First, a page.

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Ex-IBM Employees Sue Company in Federal Age-Discrimination Lawsuit

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Four former IBM employees over age 55 sued the company Wednesday in what plaintiffs lawyers say is a potentially major age-discrimination lawsuit, alleging that top executives “took the calculated risk of openly breaking the law” to cover up massive, targeted layoffs of older workers.

The former workers, in a federal lawsuit focused on alleged company violations of the Older Workers Benefit Protection Act and the Age Discrimination in Employment Act, say they are just four of more than 20,000 IBM employees over age 40 who've been discharged during the past six years as the company secretly looked “to correct seniority mix” by replacing baby boomers with recent college graduates and other tech-savvy young workers.

The lawsuit centers many of its allegations on IBM’s alleged effort to conceal from older workers minimum information about the layoff demographics—information the plaintiffs say was required under the Older Workers Benefit Protection Act, or OWBPA—while asking the laid-off workers to release their federal right to bring age-discrimination claims collectively as a group.

Lawyers representing the plaintiffs at Cohen Milstein Sellers & Toll and Johnson Webbert & Young have also filed a separate-but-related arbitration action, they noted on Wednesday. In that action, their clients seek to have a notice issued to all older laid-off IBM employees who were allegedly also coerced into signing invalid releases. Moreover, the arbitration filing asks for certification of group collective claims under the Age Discrimination in Employment Act, as well as lost wages and injunctive relief, the lawyers say.

“IBM’s effort to discriminate was the culmination of its internal reviews that stereotyped older workers as rigid and unreceptive to technology, and branded millennial employees as innovative,” Cohen Milstein and Johnson Webbert said in a news release Wednesday that was issued shortly after their federal lawsuit was filed in court in White Plains.

“For example,” the lawyers said, “an internal report of IBM described older employees as ‘gray hairs’ and ‘old heads’ and concluded that younger workers ‘are generally much more innovative and receptive to technology than baby boomers so changing the organizational technology and the processes it supports can be a wise move.’”

IBM on Wednesday said in a statement that "the plaintiffs' legal theory will fail, as similar cases have, and we are confident IBM's agreements are valid and lawful."

Added company spokesman Ed Barbini, "IBM does not discriminate, and makes its employment decisions based on skills, not age."

The 19-page federal lawsuit launched by plaintiffs Steven Estle, Margaret Ahlders, Lance Salonia and Cheryl Witmer seeks declaratory and other relief, including voiding former employees’ waivers of their rights under theAge Discrimination in Employment Act, or ADEA.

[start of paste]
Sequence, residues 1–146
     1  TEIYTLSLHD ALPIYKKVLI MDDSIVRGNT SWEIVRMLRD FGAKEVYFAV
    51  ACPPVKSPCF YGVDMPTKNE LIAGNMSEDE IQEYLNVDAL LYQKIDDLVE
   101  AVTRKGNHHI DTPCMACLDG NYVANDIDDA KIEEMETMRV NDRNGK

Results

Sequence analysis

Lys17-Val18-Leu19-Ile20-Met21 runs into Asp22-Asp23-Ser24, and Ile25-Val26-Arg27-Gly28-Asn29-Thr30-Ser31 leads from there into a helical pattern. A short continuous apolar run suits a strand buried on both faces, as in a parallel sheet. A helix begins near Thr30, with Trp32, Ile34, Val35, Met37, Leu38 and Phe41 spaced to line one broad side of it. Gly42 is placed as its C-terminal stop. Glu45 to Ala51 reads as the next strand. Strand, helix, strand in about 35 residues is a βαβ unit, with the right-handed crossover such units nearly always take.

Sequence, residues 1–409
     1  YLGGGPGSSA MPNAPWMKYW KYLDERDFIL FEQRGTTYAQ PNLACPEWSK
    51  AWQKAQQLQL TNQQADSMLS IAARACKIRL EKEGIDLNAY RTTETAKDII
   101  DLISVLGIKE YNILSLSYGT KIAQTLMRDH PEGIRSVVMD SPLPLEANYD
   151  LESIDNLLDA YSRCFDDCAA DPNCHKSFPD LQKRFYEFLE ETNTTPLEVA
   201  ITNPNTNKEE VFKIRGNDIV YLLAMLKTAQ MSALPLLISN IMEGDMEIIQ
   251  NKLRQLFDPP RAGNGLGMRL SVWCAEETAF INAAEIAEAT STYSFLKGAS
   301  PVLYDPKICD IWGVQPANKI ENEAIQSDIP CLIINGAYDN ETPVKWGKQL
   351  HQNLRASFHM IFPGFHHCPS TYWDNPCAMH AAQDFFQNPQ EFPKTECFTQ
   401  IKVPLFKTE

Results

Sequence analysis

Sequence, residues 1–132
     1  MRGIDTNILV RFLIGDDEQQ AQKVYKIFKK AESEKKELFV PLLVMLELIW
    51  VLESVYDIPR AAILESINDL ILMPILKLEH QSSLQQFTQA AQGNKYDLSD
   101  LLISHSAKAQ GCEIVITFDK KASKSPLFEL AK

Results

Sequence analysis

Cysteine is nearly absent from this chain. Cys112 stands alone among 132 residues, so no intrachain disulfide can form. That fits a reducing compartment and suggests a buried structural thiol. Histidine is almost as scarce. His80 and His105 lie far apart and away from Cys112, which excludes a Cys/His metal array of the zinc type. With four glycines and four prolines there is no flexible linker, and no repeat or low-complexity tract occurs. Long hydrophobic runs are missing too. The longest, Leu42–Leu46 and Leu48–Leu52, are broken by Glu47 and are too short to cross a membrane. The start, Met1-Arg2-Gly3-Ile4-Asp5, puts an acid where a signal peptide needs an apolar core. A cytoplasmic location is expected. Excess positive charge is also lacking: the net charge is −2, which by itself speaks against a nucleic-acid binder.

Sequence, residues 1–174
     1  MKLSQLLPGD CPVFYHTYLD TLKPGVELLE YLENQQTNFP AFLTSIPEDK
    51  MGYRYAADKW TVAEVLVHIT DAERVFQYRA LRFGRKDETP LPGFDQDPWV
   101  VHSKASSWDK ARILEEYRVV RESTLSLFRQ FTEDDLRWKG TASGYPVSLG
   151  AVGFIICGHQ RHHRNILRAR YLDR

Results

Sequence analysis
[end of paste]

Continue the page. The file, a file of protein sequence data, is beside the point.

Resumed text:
The lawsuit itself, the plaintiffs lawyers noted in the news release, comes after the publication of a ProPublica story headlined “Cutting ‘Old Heads’ at IBM” that the lawyers say exposed the company's age-discrimination practices. Using footnotes in the complaint, the plaintiffs reference the article for certain allegations.

The former employees’ suit claims that in 2014, IBM ended its longtime practice of giving laid-off workers age-specific, demographic information about the layoff selections as required by the OWBPA.

According to the news release, “instead IBM began implementing a company-wide plan, hatched by top executives,” to hide evidence of “large-scale discriminatory layoffs—called ‘Resource Actions’—that eliminated older employees in favor of much younger ones.”

The four plaintiffs were terminated in resource actions in 2016, they claim. In the news release, their attorneys said past practice at IBM, dating back to 2001, was to give workers “comparator information” required by the OWBPA when the company sought rights-waivers as part of a group layoff.

“However, in 2014, IBM made an intentional decision to begin concealing this minimum information about the layoff demographics,” the news release said, adding that “IBM also coerced laid-off workers to sign arbitration agreements waiving their federally-protected rights to bring ADEA claims in court.”

Moreover, the suit alleges that IBM devised rules making older workers more likely to be selected for “resource actions,” including by exempting “early professional hires.” In addition, the company allegedly manipulated its performance review process by ordering the reduction of the annual performance ratings for older workers and by using a sham evaluation score for employees.

“IBM’s strategy—flouting the OWBPA’s mandated disclosures of key evidence of possible age discrimination—is a brazen attempt to cover up its flagrant and widespread discrimination against older workers,” Jeffrey Neil Young, a partner at Johnson Webbert in Portland and Augusta, Maine, said in the news release.

In a phone interview, Joseph Sellers of Cohen Milstein Sellers & Toll said that he has "not seen before an effort like IBM’s to allegedly make an end-run around the OWBPA, and this lawsuit is challenging this unlawful tactic.”

He added that "IBM is relying on unlawful and unjustified stereotypes to remove older workers who have decades of tech experience, and this suit is also challenging that.”

The plaintiffs lawyers filed the separate-but-related arbitration claims because IBM’s severance agreement requires them to take their claims to arbitration, the lawyers said.